Leaving philosophy

M-T-CiceroIt’s official: At the end of the semester, I’m leaving the philosophy program at Notre Dame. I’m going back to UW-Madison as a special student, to prepare for applying to graduate school in neuroscience.

To some of my friends and almost all readers of this blog, this will sound like something out of left field. It’s not. If you had asked me about my graduate school plans late in my junior year, I would have told you I was considering both philosophy and neuroscience graduate school, and that my philosophy interests were mainly in philosophy of mind.

Two big things made me rethink the decision to go into philosophy, one negative and one positive. On the negative side: I came into Notre Dame not thinking it was the perfect place to pursue my phil. mind interests (I hadn’t gotten in to the perfect place), but thinking it was an OK place. During my first year at Notre Dame I slowly began to suspect that even that was a mistake. Finally, this semester I was told flat-out by one of the phil. mind people here that if I was interested in that, I should go elsewhere.

(Note to philosophy grad school applicants: before accepting any offer of admissions anywhere, insist on interrogating any professors you think you might want to work with, so that they tell you that stuff sooner rather than later.)

On the positive side, last summer I attended a meeting of The Association for the Scientific Study of Consciousness, and couldn’t help but think, “this stuff is so much cooler than anything I’ve studied at Notre Dame in the past year.” I honestly feel like I’d be wasting my talents if I didn’t get involved in that kind of research.

I emphasize that these are my main reasons for making the switch, but they’re not the only ones. One, which I mention only because I know I’ll end up writing about it later: I’ve gotten increasingly skeptical of the worthwhileness of philosophy.

Notre Dame didn’t make me skeptical, I had my doubts before I got to graduate school. But they’ve gotten more serious over the past year or so. To put it very briefly: while almost all philosophers would admit that philosophy gets few settled results, I think philosophy gets even fewer real results than the meager results that philosophers have sometimes claimed.

I’ll go further than that: If a philosopher tells you that philosophers have discovered x, this is reason to be very, very skeptical of x. Such claims all too often covers weak arguments. In a similar vein, I’m frankly embarrassed by the flimsy justifications that some philosophers give for dismissing what non-philosophers have to say on topics like religion, ethics, and reason.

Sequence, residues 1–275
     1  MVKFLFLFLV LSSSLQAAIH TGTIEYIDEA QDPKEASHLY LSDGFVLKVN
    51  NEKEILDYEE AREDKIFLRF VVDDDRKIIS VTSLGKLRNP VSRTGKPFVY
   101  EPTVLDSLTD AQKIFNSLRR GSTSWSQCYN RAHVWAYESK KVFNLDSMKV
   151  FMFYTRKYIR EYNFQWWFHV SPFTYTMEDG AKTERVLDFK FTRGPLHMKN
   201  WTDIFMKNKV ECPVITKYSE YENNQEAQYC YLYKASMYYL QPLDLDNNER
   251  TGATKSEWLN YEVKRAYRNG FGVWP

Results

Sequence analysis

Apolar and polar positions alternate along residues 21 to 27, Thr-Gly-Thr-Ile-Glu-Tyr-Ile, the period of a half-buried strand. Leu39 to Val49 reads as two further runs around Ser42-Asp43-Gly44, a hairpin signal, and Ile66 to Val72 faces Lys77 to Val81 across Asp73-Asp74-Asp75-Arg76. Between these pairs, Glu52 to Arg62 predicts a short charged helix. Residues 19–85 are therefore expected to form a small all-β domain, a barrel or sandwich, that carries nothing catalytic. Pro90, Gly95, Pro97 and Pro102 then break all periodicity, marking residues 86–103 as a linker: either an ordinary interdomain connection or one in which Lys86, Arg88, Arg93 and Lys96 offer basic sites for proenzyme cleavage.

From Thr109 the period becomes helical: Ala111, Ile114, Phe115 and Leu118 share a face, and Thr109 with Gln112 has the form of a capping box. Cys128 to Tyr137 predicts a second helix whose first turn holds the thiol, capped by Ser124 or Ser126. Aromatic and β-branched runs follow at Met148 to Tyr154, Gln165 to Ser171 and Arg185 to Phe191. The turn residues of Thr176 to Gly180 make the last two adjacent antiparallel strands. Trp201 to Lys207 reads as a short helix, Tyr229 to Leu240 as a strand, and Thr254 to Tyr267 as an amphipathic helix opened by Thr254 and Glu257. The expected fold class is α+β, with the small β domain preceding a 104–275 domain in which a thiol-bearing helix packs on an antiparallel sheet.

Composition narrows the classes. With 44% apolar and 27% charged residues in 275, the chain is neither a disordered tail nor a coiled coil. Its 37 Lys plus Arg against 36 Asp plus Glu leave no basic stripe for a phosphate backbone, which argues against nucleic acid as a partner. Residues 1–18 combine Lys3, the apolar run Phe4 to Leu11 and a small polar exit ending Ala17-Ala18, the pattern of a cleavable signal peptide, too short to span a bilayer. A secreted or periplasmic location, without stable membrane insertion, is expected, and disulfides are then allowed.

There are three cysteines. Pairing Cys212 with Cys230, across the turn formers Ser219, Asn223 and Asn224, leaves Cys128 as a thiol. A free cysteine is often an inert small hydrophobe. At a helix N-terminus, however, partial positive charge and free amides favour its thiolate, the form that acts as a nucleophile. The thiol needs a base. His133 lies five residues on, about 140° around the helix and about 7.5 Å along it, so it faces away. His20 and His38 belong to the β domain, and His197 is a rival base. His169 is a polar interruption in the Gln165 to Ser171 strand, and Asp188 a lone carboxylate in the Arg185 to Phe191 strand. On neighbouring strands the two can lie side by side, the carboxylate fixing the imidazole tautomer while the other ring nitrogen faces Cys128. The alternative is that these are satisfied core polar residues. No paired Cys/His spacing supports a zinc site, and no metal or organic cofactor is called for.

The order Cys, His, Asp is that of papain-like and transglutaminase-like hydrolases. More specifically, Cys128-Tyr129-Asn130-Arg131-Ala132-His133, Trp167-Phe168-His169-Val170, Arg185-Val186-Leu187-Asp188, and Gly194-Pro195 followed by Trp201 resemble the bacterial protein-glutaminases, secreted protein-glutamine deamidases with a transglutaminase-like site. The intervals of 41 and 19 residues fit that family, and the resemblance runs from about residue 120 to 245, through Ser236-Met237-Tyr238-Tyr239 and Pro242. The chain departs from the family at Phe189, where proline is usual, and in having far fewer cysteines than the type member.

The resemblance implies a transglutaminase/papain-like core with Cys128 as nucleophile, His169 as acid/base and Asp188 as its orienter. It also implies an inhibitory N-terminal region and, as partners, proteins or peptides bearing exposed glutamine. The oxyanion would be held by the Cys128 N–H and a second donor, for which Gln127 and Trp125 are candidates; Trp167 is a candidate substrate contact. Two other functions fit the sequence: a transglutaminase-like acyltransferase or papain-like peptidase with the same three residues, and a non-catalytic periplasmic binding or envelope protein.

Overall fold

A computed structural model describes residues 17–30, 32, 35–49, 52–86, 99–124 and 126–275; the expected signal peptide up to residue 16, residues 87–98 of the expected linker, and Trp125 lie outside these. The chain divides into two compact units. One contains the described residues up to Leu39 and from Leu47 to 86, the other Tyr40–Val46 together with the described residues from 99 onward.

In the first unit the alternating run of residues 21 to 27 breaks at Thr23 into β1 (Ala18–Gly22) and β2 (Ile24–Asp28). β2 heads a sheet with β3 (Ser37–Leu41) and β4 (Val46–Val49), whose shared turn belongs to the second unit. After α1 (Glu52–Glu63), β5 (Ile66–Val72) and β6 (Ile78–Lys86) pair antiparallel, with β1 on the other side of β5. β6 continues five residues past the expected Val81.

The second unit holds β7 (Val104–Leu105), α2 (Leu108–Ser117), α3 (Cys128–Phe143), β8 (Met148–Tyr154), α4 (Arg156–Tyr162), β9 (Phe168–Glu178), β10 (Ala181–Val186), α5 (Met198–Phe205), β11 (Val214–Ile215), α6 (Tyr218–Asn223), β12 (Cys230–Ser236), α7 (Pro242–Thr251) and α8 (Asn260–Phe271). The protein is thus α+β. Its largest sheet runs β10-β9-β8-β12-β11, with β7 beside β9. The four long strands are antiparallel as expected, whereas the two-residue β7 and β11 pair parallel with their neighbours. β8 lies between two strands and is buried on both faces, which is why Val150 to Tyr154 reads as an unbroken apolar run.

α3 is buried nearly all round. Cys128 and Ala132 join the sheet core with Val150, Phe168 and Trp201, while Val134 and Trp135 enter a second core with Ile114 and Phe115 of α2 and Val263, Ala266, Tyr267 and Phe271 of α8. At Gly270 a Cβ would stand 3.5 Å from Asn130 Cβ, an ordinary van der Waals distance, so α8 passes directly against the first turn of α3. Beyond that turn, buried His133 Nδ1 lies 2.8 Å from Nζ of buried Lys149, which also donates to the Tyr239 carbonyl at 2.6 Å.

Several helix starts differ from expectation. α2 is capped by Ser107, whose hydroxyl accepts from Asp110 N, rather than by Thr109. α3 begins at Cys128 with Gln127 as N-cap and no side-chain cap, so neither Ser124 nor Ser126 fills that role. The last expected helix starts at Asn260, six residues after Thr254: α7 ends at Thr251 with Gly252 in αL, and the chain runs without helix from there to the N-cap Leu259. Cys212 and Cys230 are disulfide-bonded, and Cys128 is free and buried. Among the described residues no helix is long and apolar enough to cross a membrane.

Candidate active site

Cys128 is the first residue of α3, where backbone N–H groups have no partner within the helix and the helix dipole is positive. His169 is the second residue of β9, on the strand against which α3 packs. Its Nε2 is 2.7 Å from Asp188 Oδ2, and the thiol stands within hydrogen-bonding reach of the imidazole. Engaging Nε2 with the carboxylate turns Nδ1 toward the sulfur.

I won’t elaborate on these points here. I just want people to have a heads-up for where my writing may be going in the near future.

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11 Comments.

  1. It’s interesting than you cite Gary’s book: my first reaction to this post was to recommend it!

    Anyways, we haven’t gotten to known each other well while you’ve been here, so I can only comment based on what you’ve written here. And my comment is that you’re probably making the right decision. Notre Dame isn’t a good place for phil mind that’s heavily influenced by neuroscience. We were much better a few years ago, but we’ve since lost some key faculty (and, consequently, one or two really promising grad students).

    I’d also suggest a qualification: the sorts of problems taken on by mainstream philosophers (both Analytic and Continental), and the methods they use (including dismissing non-philosophers), lend themselves to the failure you identify. Other subdisciplines (philosophy of science, cough cough) tend to (not always, mind!) adopt more tractable problems and more empirically-grounded methods. I wouldn’t say that this makes these subdisciplines more successful at producing knowledge, but it does make them more fruitful, interesting, and practically relevant.

    If you are considering sticking with philosophy at all, you should check out IU’s History and Philosophy of Science program. I understand they have close ties with the neuroscience department.

    Best of luck, in Madison and in wherever you end up after that!

  2. Out of curiosity, could you name some of the issues philosophers take as settled but you think aren’t?